Is Low Testosterone Causing Your Depression?

depressed man

Depression rates in the U.S. have reached historic highs. According to a 2023 Gallup survey, 29% of American adults have been diagnosed with the mental health condition at some point in their lifetime. It’s hitting men hard.

Among men, over 1 in 5 will be diagnosed with clinical depression, which is roughly twice the rate in 2017. And more than 11% of men are currently living with depressive disorder. What’s making so many men depressed? In some cases, it may be a sign of low testosterone.

Among men, over 1 in 5 will be diagnosed with clinical depression, which is roughly twice the rate in 2017. And more than 11% of men are currently living with depressive disorder. Click To Tweet


Testosterone, which is referred to as an androgen, is a male hormone. This important hormone fuels the development of the male brain. It is responsible for the deep voice, facial hair, muscle strength, and other traits we usually associate with being a man.

Although testosterone is considered a male hormone, it is also produced in the female body, simply in lower amounts.

In general, optimal levels of testosterone support a man’s brain health, strength, energy, motivation, and sex drive. It helps safeguard the nervous system and protects against mood disorders, cognitive decline, and dementia, including Alzheimer’s disease.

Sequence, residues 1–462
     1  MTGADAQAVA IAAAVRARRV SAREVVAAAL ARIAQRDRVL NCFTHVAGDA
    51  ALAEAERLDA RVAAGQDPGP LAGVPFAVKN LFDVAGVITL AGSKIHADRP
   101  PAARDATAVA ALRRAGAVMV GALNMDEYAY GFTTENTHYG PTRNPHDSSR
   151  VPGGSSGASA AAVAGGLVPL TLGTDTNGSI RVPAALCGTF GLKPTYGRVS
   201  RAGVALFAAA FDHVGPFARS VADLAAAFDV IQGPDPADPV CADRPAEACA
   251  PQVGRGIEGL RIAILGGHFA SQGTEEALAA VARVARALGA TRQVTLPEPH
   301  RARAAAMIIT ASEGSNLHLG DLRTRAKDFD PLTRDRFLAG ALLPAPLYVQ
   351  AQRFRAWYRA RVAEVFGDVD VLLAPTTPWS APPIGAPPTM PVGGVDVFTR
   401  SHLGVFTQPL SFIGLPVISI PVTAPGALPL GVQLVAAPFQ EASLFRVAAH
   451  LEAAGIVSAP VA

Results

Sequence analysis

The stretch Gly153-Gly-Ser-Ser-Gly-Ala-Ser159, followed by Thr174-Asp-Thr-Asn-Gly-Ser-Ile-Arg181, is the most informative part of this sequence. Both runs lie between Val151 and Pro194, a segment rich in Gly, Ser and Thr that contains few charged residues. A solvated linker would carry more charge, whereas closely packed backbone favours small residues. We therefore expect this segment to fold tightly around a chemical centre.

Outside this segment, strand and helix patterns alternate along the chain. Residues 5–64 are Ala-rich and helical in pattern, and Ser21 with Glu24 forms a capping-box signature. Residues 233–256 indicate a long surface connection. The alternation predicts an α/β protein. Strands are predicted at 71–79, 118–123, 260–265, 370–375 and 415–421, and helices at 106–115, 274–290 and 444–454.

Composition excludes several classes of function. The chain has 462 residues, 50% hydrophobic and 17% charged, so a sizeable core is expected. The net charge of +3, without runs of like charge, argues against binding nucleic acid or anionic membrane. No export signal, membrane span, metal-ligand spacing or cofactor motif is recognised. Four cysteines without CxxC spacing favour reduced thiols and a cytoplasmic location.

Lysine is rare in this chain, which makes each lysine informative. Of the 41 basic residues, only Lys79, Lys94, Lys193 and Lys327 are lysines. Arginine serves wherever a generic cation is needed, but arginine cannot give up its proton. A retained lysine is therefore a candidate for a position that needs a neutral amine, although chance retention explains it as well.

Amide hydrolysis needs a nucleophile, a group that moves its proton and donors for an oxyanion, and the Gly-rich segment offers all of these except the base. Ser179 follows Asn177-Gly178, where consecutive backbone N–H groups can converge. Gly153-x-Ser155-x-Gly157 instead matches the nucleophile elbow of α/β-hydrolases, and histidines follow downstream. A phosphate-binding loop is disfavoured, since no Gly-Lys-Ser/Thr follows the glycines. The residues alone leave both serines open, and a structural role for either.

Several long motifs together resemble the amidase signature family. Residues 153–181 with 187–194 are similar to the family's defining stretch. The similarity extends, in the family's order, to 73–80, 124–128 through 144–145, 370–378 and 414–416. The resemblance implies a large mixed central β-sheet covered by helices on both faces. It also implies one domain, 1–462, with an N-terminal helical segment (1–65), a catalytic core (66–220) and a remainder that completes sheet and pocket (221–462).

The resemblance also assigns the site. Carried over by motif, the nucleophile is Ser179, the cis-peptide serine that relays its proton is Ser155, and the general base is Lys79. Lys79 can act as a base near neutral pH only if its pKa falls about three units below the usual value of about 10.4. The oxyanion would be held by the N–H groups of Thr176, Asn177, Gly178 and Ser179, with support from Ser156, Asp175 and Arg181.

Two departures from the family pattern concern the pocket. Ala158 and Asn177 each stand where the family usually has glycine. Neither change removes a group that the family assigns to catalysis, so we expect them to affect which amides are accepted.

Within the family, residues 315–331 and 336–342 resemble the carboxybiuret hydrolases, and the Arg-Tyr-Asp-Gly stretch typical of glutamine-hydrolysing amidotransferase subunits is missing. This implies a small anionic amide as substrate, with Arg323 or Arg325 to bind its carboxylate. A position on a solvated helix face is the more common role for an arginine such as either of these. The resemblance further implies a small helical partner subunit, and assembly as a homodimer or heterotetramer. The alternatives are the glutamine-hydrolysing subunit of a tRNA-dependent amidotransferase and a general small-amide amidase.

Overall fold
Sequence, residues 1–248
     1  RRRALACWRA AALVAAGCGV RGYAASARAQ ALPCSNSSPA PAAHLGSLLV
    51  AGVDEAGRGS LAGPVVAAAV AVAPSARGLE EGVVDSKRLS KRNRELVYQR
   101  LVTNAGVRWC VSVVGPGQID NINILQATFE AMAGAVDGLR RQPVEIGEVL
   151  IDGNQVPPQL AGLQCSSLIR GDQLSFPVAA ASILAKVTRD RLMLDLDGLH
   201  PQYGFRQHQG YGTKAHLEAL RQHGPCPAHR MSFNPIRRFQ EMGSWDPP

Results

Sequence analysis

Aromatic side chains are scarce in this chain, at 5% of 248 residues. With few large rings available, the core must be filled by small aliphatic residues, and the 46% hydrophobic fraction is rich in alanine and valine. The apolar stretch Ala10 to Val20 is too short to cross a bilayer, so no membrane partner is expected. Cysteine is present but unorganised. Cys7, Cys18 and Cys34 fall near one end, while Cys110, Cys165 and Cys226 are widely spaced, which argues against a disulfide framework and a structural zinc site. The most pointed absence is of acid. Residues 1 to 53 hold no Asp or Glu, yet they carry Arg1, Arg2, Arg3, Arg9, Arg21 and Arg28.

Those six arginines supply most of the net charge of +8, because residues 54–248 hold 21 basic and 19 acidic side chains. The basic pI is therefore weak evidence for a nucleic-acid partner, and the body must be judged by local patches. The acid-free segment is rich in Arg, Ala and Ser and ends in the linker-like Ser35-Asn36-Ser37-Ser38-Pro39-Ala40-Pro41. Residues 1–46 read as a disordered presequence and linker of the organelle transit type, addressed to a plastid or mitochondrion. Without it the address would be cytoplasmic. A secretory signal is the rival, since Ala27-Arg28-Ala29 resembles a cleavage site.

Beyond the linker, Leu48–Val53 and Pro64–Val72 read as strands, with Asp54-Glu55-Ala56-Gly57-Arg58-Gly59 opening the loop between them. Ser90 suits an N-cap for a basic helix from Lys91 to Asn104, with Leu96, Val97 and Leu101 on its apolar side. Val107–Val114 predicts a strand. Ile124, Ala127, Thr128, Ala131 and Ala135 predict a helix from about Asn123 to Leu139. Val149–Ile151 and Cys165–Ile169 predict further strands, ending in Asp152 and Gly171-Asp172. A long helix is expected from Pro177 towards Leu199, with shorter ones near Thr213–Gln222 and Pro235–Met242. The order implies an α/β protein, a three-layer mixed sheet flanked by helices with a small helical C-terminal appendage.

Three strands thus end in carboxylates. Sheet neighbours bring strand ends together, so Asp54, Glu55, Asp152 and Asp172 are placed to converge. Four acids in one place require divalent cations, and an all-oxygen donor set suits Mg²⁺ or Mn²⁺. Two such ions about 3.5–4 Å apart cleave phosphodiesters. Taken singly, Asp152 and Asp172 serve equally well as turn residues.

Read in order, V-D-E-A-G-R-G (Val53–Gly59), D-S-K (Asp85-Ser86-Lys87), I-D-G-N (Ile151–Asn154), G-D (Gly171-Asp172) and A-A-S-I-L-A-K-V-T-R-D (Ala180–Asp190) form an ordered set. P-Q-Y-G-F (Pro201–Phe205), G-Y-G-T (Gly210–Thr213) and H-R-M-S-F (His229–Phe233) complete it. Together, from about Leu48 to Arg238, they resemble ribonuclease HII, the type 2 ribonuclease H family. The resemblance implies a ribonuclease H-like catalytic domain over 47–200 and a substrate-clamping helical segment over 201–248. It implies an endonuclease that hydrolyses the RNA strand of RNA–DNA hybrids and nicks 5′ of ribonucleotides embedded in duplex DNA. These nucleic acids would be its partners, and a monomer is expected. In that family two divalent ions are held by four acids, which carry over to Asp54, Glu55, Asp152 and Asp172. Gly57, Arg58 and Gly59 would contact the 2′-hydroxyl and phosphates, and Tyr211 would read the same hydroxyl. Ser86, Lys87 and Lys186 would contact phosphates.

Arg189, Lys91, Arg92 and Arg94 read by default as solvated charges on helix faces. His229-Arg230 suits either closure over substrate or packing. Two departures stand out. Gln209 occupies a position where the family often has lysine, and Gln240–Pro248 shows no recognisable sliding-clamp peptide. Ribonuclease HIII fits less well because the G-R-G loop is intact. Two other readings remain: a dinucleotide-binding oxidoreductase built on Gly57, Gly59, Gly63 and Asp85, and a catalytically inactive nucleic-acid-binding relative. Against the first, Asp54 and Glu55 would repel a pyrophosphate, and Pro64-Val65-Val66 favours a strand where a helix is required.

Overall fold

Testosterone is also thought to help prevent inflammation, which some researchers believe is why men are less likely to suffer from inflammatory conditions such as rheumatoid arthritis and autoimmune disorders such as lupus.

If testosterone levels decline, however, these protective properties are diminished.


Low testosterone, known as male hypogonadism, occurs when the body doesn’t produce enough of the hormone. Testosterone levels typically peak during the late teenage years and remain high throughout a man’s 20s. However, starting at about age 30, testosterone levels gradually decrease. Research shows that the aging process can leave some men with low testosterone levels that contribute to anxiety and depression symptoms, as well as other issues.


Low testosterone (low T) levels can cause a variety of symptoms that affect a man’s quality of life. Common low testosterone symptoms include:

  • Depression
  • Anxiety
  • Moodiness
  • Lack of motivation
  • Low libido
  • Lack of energy
  • Difficulty concentrating
  • Trouble sleeping